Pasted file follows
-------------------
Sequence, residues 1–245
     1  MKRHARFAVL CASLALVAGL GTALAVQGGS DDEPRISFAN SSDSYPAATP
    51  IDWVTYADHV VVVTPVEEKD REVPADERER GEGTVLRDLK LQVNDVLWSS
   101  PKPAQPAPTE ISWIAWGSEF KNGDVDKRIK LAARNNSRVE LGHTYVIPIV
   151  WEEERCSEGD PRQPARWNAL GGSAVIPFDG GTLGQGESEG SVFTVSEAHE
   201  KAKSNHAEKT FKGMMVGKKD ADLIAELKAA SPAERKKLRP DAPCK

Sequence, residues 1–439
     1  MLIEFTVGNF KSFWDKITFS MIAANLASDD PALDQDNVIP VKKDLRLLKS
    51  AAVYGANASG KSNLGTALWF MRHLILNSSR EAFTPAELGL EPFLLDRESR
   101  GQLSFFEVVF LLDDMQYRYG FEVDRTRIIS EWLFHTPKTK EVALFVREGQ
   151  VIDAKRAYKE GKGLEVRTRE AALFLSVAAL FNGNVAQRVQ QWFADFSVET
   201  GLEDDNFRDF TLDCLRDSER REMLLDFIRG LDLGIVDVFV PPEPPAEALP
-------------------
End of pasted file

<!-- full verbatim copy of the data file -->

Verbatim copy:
Sequence, residues 1–245
     1  MKRHARFAVL CASLALVAGL GTALAVQGGS DDEPRISFAN SSDSYPAATP
    51  IDWVTYADHV VVVTPVEEKD REVPADERER GEGTVLRDLK LQVNDVLWSS
   101  PKPAQPAPTE ISWIAWGSEF KNGDVDKRIK LAARNNSRVE LGHTYVIPIV
   151  WEEERCSEGD PRQPARWNAL GGSAVIPFDG GTLGQGESEG SVFTVSEAHE
   201  KAKSNHAEKT FKGMMVGKKD ADLIAELKAA SPAERKKLRP DAPCK

Sequence, residues 1–439
     1  MLIEFTVGNF KSFWDKITFS MIAANLASDD PALDQDNVIP VKKDLRLLKS
    51  AAVYGANASG KSNLGTALWF MRHLILNSSR EAFTPAELGL EPFLLDRESR
   101  GQLSFFEVVF LLDDMQYRYG FEVDRTRIIS EWLFHTPKTK EVALFVREGQ
   151  VIDAKRAYKE GKGLEVRTRE AALFLSVAAL FNGNVAQRVQ QWFADFSVET
   201  GLEDDNFRDF TLDCLRDSER REMLLDFIRG LDLGIVDVFV PPEPPAEALP